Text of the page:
Discuss the feelings and thoughts that come up with a friend, accountability partner, loved one, mentor, or therapist. The more the merrier is really the key here, as you can use all the support you can get to make it through the challenges along the way. Keep the connections positive and avoid returning to any negative influences from the past, as they will stand in the way of your moving forward.

5) Commit and follow-through

This journey is a marathon, and not a sprint, so it’s important to remember that it’s all about taking one day at a time. You can’t do anything more than commit to the process and follow through on your efforts, and that commitment will bring lasting results.

With each new habit, tell yourself you will try it for a day. Then the next day, a week, and so on. Even if you slip up and forget, commit to getting back on track the next day and making progress towards recovery. The hardest part of this whole process is making the decision to change, and you’ve already done that. All that’s left is to put one foot in front of the other, one step at a time, and make good on the commitment you’ve made to yourself and your future.

6) Enjoy the natural high 

Living a life without alcohol or drugs is a big adjustment, but one of the greatest benefits is how good, energetic, productive and clear-headed you will feel! Don’t be so focused on all the things you have to do to keep moving forward that you forget to take a moment and enjoy how it feels to be sober!

People who don’t drink or use drugs sleep better, have more energy naturally, and are better able to focus and more productive. You’re on the path to recovery to be healthier and happier, and these are a few of the concrete signs that you’re succeeding, so celebrate them! Whether you’re weeks into the process or have been sober for years, remember to never take the feeling of wellbeing for granted!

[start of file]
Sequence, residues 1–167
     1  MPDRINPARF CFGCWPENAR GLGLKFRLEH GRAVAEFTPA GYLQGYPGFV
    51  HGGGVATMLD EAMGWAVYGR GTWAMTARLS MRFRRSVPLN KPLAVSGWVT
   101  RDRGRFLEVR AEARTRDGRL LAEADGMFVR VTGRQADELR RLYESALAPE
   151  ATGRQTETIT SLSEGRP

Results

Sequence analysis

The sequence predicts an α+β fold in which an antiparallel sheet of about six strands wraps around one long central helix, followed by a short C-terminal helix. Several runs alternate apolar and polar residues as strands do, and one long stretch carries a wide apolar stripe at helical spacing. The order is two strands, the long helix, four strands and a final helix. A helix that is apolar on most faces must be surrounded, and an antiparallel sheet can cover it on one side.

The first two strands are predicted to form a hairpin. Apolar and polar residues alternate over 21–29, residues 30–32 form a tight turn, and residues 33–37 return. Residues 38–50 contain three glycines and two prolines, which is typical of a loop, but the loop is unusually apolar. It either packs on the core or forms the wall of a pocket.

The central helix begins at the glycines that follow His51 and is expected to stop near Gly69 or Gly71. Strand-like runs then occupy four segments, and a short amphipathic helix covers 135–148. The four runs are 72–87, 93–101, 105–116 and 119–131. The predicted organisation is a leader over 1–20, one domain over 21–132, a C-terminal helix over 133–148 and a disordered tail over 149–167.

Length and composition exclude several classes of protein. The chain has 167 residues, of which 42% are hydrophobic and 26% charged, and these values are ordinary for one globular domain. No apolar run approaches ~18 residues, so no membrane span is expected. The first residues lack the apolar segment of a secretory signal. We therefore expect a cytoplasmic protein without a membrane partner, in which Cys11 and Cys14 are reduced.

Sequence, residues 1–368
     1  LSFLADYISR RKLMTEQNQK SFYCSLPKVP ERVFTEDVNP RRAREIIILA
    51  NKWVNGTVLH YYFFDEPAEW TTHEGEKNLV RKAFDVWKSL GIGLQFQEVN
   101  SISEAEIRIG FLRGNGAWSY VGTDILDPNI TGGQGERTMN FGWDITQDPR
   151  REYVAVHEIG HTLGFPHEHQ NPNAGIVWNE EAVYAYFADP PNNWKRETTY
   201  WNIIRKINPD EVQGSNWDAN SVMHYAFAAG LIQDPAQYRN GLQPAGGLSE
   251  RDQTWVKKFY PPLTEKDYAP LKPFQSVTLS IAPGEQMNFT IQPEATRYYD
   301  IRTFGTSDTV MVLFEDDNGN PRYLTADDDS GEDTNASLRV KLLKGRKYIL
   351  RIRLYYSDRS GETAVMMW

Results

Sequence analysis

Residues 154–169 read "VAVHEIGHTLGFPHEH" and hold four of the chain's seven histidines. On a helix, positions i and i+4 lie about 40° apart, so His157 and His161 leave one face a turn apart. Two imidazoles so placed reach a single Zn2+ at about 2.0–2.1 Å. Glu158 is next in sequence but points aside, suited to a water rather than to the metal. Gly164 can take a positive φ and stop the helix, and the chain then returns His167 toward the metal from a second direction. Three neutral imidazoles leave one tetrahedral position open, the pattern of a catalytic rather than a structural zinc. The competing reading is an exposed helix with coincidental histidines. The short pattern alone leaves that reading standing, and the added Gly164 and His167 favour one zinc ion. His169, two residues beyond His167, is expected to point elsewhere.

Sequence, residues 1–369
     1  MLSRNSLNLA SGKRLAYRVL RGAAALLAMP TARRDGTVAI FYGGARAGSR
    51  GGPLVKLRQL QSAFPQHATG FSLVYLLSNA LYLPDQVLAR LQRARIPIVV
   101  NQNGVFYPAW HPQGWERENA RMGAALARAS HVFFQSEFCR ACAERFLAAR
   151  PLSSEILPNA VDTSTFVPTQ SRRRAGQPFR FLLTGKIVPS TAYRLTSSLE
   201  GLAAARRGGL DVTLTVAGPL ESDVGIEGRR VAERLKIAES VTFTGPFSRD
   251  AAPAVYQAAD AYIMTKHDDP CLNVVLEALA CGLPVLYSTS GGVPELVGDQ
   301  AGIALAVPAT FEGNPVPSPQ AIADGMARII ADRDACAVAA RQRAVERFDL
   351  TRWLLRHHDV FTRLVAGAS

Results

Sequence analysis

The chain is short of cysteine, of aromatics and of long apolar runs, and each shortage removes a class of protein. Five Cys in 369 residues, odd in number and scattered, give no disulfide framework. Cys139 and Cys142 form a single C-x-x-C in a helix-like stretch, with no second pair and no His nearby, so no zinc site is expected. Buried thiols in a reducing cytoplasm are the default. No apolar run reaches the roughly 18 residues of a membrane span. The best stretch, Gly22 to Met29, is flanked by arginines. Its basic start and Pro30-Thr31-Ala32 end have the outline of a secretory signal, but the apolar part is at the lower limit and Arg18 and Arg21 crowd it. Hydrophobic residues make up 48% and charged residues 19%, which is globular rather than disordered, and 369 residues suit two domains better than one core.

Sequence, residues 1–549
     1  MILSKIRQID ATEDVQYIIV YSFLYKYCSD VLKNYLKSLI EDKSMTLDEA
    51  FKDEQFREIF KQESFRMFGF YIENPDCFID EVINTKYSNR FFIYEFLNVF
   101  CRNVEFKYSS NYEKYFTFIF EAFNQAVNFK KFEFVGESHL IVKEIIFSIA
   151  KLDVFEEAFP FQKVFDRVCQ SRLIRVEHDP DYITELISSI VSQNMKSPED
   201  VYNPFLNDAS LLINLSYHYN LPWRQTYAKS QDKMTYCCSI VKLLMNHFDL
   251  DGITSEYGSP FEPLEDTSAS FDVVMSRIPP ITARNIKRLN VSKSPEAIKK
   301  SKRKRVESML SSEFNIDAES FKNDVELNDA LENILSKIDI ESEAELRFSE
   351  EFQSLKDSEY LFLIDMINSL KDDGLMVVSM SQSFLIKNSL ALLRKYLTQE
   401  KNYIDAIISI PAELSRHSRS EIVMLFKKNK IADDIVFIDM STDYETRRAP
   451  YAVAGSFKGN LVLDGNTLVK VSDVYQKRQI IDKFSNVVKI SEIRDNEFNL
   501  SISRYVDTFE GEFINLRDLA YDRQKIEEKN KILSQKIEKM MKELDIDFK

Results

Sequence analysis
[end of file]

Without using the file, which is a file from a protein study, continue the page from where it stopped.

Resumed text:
7) Have a (nonalcoholic) drink

When everyone around you is celebrating with alcohol or other substances, it can be particularly challenging to remember why you can’t indulge. But at the core of celebrating with alcohol is the desire to celebrate that moment or occasion, and there’s an easy way to take part in the fun: nonalcoholic drinks.

Mocktails have been mocked for years, but mixology has come a long way and the creative (nonalcoholic) concoctions available at most bars are so delicious, you won’t even notice that there’s no alcohol in them. Being sober doesn’t mean missing out on the fun, so give yourself permission to indulge in parties at work, family gatherings, and drinks with friends, minus the alcohol.

8) Treat yourself

Scientists agree that rewards help the recovery process along, so treat yourself! Whether that’s with sober wellness-related gifts, cosmetics, fitness accessories, or a day at the spa, acknowledge your progress and reward yourself for all the hard work.

Rewarding yourself for healthy habits makes it that much more likely that you’ll stick to those habits, so it’s the best kind of vicious circle. For every day you log your intentions, go for a walk or pursue a new hobby, treat yourself in some small way and keep those rewards in mind to help you overcome any challenges along the way.

9) Celebrate the savings

Alcohol and other substances are expensive, so take a moment to appreciate the money you are not wasting! That money can now be used for travel, dinners out, or savings for the future, but whatever you choose to spend it on, relish the fact that you’ll be using it for more positive pursuits instead of spending it all on an addictive outlet.

You are in control of your habits - and your spending - and that control is a powerful statement of your progress. Give yourself permission to indulge in shopping every once and a while as a reward, and remember that you’ve earned all the endorphins and pennies you’re spending (or saving!) by prioritizing your recovery! 

If you need help staying on track this month, you can download Oberit in the App Store and Google Play today!